http://www.digitalmars.com/d/2.0/builtin.html
 There's already plenty of empirical evidence that building arrays by 
 appending is incredibly slow.

You need to really get into programming in D and explore the many possible ways of using arrays. Stewart.
Feb 27 2009
prev sibling next sibling parent reply dsimcha <dsimcha yahoo.com> writes:
== Quote from Jason House (jason.james.house gmail.com)'s article
 Are there any good reasons to allow built in arrays to be resizable?
 There's already plenty of empirical evidence that building arrays by appending

 There are also bugs in bugzilla where resizing arrays after assigning one array

arrays when resizing, but that makes performance even worse...
 While not much of an argument, C# also prevents array resizing.
 Is it time to rely on standard libraries for data structures and let built in

I think that builtin arrays in D are a godsend. Resizable arrays are such an important, heavily used feature that they should get special treatment from the language, to ensure that they are syntactically elegant, efficient both at runtime and in terms of compilation time, easy to use, free of odd corner cases, and in general are true first class citizens. Nonetheless, D's arrays do have some rough edges. My proposal would be as follows: There should be two array types: T[new] and T[]. This has been proposed before, though not in as much detail as what I'm suggesting. The semantics should work as follows: T[new] is considered a subtype of T[]. This works mostly like you would expect. T[new] can be implicitly converted to T[]. The twist is that T[] can also be assigned to T[new] without any explicit conversion, but a copy of the underlying data is implicitly made for safety. Assigning either a T[] or a T[new] to a T[] will result in aliasing: T[] foo; T[new] bar = new T[N]; bar[0] = 1; foo = bar; foo[0] = 2; writeln(bar[0]); // Prints 2. T[new]s are always assigned by value to make concatenation and resizing safe. The underlying data is copied implicitly when assigning from a T[] to a T[new] or from a T[new] to another T[new]. T[new] foo; T[] bar = new T[N]; // new returns T[new], using implicit conversion. bar[0] = 1; foo = bar; foo[0] = 2; writeln(bar[0]); // Prints 1. T[]s can be sliced, but cannot be enlarged or appended to. They should be laid out the same way they are now, as a struct of a pointer and a length. T[new]s can be appended to and enlarged in addition to being sliced. Their layout should be a struct of pointer, length, capacity to make appending fast. This will also make implicit conversion to T[] essentially free, since all that is necessary is slicing off the capacity field. I also wonder if this proposal could be extended to fix some of the covariance issues with arrays (see Bugzilla 2095). This might work by only allowing covariant types to be assigned to T[new], not T[]. For example: class A{} class B:A{} B[new] ba = [new B]; A[] aa = ba; // Error: Cannot assign covariant types to T[]. A[new] aa = ba; // Works, but copy is implicitly made.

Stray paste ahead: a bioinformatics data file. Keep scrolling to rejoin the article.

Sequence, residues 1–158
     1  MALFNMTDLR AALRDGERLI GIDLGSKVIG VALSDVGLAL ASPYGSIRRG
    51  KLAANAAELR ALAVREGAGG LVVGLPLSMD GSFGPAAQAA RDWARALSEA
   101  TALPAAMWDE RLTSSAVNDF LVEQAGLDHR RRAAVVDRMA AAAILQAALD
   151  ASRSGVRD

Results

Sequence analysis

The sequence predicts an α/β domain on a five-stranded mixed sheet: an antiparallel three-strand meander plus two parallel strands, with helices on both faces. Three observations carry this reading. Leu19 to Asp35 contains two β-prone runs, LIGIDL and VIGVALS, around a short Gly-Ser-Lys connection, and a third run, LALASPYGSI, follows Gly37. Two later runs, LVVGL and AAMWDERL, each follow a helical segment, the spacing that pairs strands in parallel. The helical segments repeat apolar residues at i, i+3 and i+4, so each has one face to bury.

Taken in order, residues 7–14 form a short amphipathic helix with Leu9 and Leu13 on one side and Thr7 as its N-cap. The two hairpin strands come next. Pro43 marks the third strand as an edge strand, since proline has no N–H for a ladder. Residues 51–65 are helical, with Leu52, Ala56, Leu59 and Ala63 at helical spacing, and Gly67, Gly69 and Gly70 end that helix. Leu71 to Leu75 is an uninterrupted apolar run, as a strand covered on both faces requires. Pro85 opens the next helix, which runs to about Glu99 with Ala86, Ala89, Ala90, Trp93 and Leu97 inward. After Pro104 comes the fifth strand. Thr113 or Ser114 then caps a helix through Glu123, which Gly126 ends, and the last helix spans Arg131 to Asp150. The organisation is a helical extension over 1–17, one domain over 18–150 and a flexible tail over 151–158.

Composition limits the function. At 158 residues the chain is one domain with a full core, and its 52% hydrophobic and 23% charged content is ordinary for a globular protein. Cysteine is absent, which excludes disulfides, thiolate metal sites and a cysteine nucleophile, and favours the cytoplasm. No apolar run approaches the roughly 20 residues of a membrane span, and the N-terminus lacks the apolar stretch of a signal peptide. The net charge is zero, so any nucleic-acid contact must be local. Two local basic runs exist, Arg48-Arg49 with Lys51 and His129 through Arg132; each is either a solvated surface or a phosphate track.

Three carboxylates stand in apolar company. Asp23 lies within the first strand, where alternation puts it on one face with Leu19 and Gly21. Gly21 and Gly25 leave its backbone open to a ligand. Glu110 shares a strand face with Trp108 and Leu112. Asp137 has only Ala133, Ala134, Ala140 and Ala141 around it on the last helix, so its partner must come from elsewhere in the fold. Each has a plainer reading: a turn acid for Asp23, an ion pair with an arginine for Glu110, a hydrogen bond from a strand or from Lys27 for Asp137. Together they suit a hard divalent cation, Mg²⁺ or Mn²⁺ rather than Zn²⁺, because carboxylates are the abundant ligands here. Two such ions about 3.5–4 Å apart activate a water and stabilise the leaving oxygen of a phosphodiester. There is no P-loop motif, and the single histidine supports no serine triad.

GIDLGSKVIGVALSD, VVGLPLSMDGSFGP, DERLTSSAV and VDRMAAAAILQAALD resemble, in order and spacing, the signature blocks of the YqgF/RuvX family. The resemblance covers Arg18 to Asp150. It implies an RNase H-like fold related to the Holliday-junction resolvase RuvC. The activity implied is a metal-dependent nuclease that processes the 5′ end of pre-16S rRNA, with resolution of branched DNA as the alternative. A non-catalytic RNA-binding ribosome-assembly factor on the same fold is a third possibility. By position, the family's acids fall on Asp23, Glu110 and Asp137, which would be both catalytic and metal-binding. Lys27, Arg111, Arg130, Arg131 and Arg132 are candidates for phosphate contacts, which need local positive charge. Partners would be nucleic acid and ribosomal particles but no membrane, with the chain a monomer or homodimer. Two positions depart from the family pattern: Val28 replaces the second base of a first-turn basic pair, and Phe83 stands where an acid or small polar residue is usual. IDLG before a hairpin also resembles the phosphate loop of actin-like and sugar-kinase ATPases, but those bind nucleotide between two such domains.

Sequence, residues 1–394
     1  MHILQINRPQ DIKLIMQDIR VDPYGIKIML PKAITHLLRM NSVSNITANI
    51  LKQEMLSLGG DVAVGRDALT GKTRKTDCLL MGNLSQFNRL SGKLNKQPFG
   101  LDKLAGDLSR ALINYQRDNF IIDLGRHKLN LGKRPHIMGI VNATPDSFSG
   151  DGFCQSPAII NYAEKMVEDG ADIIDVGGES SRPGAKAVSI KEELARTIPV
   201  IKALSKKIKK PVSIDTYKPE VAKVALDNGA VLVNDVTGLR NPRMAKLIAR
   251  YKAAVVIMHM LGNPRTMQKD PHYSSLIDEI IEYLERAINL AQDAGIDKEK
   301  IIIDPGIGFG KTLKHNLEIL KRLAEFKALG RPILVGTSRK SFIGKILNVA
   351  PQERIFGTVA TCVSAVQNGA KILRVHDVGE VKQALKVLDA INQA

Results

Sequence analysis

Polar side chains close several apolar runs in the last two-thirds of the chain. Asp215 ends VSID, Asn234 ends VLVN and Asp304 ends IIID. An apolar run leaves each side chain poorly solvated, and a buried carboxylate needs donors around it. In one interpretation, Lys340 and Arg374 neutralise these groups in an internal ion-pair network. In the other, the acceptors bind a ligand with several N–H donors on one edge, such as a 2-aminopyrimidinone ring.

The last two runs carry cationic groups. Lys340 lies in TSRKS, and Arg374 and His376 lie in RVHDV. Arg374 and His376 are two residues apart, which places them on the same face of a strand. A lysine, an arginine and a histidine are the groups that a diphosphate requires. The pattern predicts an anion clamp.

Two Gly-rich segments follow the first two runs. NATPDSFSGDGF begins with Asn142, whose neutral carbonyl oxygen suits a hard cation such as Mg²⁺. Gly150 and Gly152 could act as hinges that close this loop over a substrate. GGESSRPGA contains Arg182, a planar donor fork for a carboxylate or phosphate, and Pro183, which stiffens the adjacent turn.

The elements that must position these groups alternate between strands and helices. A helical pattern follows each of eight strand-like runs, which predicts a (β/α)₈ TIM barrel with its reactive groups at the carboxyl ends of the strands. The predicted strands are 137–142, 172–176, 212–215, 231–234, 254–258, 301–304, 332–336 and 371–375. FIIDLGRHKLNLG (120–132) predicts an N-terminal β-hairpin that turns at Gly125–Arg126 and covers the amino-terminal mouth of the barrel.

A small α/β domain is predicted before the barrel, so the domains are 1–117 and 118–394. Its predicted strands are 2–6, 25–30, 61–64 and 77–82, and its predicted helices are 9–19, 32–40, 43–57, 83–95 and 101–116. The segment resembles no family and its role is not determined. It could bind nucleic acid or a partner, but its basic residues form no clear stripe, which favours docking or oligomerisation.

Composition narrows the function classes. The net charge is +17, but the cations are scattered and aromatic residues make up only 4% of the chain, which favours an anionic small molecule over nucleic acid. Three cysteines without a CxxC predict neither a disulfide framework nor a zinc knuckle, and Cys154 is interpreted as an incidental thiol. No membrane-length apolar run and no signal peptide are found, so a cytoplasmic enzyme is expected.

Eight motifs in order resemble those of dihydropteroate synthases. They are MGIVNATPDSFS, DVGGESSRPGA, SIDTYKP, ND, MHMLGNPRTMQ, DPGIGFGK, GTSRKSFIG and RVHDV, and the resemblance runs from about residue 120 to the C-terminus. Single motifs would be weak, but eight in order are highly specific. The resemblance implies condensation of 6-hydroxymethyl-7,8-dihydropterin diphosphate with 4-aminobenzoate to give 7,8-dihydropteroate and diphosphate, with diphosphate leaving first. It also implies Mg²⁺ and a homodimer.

Feb 27 2009
parent dsimcha <dsimcha yahoo.com> writes:
== Quote from dsimcha (dsimcha yahoo.com)'s article
 == Quote from Jason House (jason.james.house gmail.com)'s article
 Are there any good reasons to allow built in arrays to be resizable?
 There's already plenty of empirical evidence that building arrays by appending

 There are also bugs in bugzilla where resizing arrays after assigning one array

arrays when resizing, but that makes performance even worse...
 While not much of an argument, C# also prevents array resizing.
 Is it time to rely on standard libraries for data structures and let built in